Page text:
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Wind summit held  

Wind generators have been the Rodney Dangerfields of the electricity market. They’re unreliable, traditional utilities say. And expensive.

So when Rob Gramlich, policy director of the American Wind Energy Association, got up to address the fifth Kansas Electric Transmission Summit on Friday, he seemed to be suppressing a smile. A previous presenter had just dropped a couple pretty stunning figures: about 13,000 megawatts of wind projects have been queued up for study, and the total could reach 40,000 to 60,000 megawatts in the near future.

To put that in perspective: total peak demand in the heat of summer is only a little over 40,000 megawatts.

“The interconnection queue gives us a ticket to these discussions,” Gramlich said. “We didn’t mean to scare you with all those megawatts.”

The message that emerged from the all-day conference was that growth of breathtaking proportions is expected in wind farms – “growing exponentially” was the term used frequently – and the current electric grid will have to be made much more robust if that power is to be delivered to homes.

“We’ve got to get a grid to move this,” said Jay Caspary, director of engineering at the Southwest Power Pool, the organization that manages and oversees planning for the electric grid in Kansas and parts of Oklahoma, Texas, Missouri, Nebraska and New Mexico.

Speakers at the meeting at the Dole Institute of Politics included all the players who set and implement policies governing power generation and distribution – legislators, staff and members of the Kansas Electric Transmission Authority, Southwest Power Pool staff and executives, members and staff of the Kansas Corporation Commission, a member of the Federal Energy Regulatory Commission, staff from the U.S. Department of Energy, representatives of the state’s leading electric utilities, and energy consultants and lobbyists.

“We need a lot more transmission in this country,” said Philip Moeller, a commissioner of the Federal Energy Regulatory Commission. “It’s catch-up time.”

Earnie Lehman, president of Hays-based Midwest Energy and vice chairman of Kansas Electric Transmission Authority, told the audience that denial of the permit needed to build 1,400 megawatts of coal-fired generation at Holcomb was going to stifle development of new electric transmission in Kansas.

But the message from many of the experts was that wind development in the Midwest, especially Kansas, Oklahoma and Texas, is growing explosively – with or without new coal-fired power plants – and the next order of business is to figure out how to ensure that the electric grid is fortified to serve needs for the foreseeable future.

Kansas has seen virtually no new high-voltage transmission lines in 20 years, and one reason is that allocation of those costs hasn’t kept up with the changing energy market.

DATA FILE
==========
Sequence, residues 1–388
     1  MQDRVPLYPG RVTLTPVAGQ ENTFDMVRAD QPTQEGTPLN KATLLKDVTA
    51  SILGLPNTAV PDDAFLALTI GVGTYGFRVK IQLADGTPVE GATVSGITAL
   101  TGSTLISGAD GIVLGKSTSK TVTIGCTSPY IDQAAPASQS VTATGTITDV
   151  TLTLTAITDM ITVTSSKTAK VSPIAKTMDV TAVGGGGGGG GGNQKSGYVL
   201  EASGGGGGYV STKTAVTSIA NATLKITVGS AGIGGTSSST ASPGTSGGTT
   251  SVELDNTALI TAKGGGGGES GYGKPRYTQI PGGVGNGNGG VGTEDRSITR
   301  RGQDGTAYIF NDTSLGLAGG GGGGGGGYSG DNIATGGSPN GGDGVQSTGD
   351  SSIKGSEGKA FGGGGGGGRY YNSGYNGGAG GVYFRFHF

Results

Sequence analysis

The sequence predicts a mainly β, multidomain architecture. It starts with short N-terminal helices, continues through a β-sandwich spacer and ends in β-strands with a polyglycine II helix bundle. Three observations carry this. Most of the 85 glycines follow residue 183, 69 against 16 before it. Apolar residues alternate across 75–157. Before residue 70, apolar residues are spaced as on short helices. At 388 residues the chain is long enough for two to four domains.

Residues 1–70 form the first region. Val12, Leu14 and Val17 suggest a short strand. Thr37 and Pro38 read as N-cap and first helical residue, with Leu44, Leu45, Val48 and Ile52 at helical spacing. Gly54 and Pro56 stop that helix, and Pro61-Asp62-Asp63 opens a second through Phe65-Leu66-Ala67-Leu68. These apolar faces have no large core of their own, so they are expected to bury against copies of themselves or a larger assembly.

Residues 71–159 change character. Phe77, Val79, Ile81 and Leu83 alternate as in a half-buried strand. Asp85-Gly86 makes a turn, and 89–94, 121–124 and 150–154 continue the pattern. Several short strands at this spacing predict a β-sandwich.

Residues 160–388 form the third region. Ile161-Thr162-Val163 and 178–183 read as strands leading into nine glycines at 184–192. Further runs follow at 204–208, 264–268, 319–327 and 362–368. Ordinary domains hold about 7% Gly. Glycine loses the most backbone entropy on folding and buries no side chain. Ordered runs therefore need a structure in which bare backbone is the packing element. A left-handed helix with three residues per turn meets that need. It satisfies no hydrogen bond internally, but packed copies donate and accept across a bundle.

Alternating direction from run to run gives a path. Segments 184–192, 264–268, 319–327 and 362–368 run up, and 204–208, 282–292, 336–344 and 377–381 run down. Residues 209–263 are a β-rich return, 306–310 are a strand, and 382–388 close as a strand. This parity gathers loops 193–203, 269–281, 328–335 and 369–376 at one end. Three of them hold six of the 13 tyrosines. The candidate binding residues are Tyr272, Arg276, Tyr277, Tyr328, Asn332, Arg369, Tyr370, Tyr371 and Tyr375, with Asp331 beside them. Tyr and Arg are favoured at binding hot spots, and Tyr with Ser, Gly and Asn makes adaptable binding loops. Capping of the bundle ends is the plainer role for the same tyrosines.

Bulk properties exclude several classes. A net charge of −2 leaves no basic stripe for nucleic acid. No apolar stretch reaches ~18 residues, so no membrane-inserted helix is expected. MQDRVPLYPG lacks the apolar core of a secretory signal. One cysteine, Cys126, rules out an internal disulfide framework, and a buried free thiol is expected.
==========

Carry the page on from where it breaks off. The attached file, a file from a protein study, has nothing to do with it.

“We need a whole new method of thinking how we build transmission,” said Jim Eckelberger, chairman of the Southwest Power Pool. When many of the rules were put into place, the company that generated the electricity was usually the company that also owned the transmission lines.

Now there is the prospect of one company generating the electricity, another owning the transmission lines, and the power being sold to yet another company’s electricity customers.

A huge stumbling block for wind development is that the cost of connecting the wind farm to the electric grid can fall to the local utility. Most of the wind potential in Kansas is in rural areas served by small electric cooperatives, who therefore could be forced to underwrite connection to the network even though they may not use any of the electricity.

Several presenters said that the nation needs to move toward a “postage stamp” model for allocating the cost of building transmission infrastructure – the capital costs would be allocated uniformly to power carried by the lines, regardless of how far it goes or who ends up buying it.

Tom Stuchlick, an executive of Topeka-based Westar Energy, showed how using extra-high voltage lines can, in the long run, be significantly cheaper and more reliable. A 765 kilovolt line can carry six times the current of a 365 kilovolt line, he said.

But the traditional approach to sizing transmission lines has been to choose the minimum needed, since larger capacity lines have greater initial costs. Once the lines are built, they tend to define future decisions about generation and transmission.

Eckelberger pointed out that only 10 percent of the final retail cost of electricity is for transmission. The option that is cheapest in the short term isn’t necessarily the best, he said.

“I think we have to get over that,” he said. “It’s the dime controlling the buck. It makes no sense. How cheap do you want to go?”

By Duane Schrag

Salina Journal

This article is the work of the source indicated. Any opinions expressed in it are not necessarily those of National Wind Watch.

The copyright of this article resides with the author or publisher indicated. As part of its noncommercial effort to present the environmental, social, scientific, and economic issues of large-scale wind power development to a global audience seeking such information, National Wind Watch endeavors to observe “fair use” as provided for in section 107 of U.S. Copyright Law and similar “fair dealing” provisions of the copyright laws of other nations. Send requests to excerpt, general inquiries, and comments via e-mail.

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